Drone captures shark feeding frenzy
Footage has emerged of the moment that several great white sharks were filmed ripping into a dolphin carcass off the coast of California on June 14.
The footage - obtained by Storyful - was originally captured by Carlos Gauna who shared the drone footage to his YouTube page.
Great white sharks can be seen biting and shaking the carcass, swimming away, and coming back.
Gauna said in the YouTube write-up that the sharks were "just yards away from swimmers. I don't know who the folks on the boat are, but they got a first row seat to the show."
Gauna told Storyful this was the first time he'd seen behaviour like this from a shark off the coast.
"I've been filming sharks off the California coast for a couple years, and have never seen them eating such [a big carcass] so close to humans," he said.
Gauna told Storyful he has noticed larger sharks appearing along the coast, and said they are showing "much less shy behaviour around humans."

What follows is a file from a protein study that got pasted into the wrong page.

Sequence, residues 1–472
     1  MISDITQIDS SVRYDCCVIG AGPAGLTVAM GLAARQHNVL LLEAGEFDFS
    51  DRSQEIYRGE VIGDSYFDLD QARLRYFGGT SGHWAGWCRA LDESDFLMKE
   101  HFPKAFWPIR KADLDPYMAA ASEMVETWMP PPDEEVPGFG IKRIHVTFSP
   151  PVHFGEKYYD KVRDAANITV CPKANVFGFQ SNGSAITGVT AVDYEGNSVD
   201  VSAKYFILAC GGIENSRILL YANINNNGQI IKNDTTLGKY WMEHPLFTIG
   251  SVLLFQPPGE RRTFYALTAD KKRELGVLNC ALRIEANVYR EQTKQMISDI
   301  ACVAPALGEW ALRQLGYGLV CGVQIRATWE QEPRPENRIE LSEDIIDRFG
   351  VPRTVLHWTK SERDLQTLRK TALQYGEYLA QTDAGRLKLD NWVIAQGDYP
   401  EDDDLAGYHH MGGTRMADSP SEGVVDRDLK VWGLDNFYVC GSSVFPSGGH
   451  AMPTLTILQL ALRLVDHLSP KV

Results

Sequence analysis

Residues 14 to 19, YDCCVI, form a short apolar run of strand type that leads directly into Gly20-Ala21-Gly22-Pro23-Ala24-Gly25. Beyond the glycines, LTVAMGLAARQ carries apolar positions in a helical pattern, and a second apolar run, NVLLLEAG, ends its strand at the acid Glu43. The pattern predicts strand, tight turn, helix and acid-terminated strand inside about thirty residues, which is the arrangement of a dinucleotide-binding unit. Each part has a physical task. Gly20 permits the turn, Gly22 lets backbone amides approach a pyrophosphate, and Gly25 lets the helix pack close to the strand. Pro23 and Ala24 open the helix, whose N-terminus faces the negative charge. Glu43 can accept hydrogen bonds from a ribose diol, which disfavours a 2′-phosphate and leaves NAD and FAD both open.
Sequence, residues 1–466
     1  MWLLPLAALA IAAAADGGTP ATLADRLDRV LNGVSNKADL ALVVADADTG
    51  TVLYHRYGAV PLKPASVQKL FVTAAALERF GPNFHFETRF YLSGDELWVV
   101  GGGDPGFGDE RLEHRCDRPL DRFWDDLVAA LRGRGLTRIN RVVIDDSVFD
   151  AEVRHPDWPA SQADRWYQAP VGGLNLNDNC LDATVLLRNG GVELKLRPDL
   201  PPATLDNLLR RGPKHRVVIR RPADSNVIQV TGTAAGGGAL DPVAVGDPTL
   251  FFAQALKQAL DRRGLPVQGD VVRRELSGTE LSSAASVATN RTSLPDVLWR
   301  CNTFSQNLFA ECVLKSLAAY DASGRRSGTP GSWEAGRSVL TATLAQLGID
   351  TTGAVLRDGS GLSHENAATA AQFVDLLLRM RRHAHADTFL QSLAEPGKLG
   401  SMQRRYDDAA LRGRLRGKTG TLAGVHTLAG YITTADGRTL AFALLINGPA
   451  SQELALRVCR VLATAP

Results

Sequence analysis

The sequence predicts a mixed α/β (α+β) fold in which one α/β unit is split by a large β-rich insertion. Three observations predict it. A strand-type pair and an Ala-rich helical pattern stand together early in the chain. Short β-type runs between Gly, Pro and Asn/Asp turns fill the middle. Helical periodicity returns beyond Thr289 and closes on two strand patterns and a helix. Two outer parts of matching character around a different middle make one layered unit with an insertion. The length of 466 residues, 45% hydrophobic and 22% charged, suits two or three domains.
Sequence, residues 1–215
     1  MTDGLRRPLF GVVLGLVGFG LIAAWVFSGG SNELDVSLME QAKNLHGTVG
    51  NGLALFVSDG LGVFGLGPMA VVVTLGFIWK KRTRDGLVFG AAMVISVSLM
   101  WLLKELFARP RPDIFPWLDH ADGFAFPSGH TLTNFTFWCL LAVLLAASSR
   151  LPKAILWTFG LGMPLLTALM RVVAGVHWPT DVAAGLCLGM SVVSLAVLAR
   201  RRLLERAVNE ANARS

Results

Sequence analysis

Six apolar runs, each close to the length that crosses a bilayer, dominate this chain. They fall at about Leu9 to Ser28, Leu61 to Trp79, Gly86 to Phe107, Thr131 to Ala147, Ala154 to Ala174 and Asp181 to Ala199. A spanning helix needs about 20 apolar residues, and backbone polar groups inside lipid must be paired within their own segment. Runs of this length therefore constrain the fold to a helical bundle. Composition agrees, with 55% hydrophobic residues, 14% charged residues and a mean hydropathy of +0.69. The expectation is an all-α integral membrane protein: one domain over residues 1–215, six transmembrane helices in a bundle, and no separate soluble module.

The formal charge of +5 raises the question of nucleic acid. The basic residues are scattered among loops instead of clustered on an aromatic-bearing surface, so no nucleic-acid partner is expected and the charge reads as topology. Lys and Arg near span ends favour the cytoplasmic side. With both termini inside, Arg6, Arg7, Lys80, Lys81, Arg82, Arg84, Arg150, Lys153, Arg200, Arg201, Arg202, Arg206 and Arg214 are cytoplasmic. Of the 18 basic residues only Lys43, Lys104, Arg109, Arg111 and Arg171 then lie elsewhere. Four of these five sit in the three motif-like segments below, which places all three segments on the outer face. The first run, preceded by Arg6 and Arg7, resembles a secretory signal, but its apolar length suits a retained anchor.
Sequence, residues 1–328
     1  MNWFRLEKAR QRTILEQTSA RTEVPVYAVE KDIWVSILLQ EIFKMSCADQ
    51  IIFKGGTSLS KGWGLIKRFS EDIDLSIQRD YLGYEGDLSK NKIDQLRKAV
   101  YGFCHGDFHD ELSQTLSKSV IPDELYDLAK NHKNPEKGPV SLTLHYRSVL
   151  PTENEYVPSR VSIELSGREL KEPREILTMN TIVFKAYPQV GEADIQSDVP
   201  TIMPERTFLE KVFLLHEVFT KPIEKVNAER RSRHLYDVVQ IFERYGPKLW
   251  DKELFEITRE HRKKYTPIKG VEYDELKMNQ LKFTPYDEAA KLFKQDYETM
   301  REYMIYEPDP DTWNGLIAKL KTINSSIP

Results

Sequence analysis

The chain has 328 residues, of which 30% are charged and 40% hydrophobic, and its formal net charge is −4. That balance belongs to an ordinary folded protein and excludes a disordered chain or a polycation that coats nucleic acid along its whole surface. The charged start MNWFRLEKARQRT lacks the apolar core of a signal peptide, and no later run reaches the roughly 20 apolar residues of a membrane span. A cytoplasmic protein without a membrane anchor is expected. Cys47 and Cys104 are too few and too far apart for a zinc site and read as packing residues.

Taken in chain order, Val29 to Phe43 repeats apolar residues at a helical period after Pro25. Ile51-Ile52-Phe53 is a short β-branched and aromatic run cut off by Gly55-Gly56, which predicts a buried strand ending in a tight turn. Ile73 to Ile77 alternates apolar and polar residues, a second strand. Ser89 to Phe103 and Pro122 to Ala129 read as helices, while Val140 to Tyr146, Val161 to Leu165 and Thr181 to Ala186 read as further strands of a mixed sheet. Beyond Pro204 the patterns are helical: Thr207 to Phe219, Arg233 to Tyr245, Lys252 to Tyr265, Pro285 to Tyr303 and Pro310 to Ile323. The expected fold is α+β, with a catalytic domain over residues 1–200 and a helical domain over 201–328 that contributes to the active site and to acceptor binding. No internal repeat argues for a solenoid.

He told Storyful he has seen great white sharks "along various locations from near Santa Monica to Point Dume in Malibu, and into Ventura and Santa Barbara counties."
Guana films along the coast to remind people there is wildlife in the area, he said.
"Keeping our shores clean, picking up our trash, and being respective of wildlife's domain should be our focus as beachgoers," he said.
The footage comes after a tragic incident closer to Australian shores, which saw 60-year-old Rob Pedretti mauled by a three-metre great white at Salt Beach near Kingscliff on June 7. He died from his injuries.
The victim's best mates paid tribute to their friend, and said he would be 'angry' at the monster great white that killed him but would not want the rogue creature culled.
There have now been three fatal shark attacks in Australia in 2020.
Gary Johnson, 57, an experienced diver was killed by a shark near Cull Island in Esperance on Western Australia's south coast in January.
A shark also killed 23-year-old Queensland ranger Zachary Robba in April off North West Island some 50km east of Rockhampton.
Originally published as Drone captures shark feeding frenzy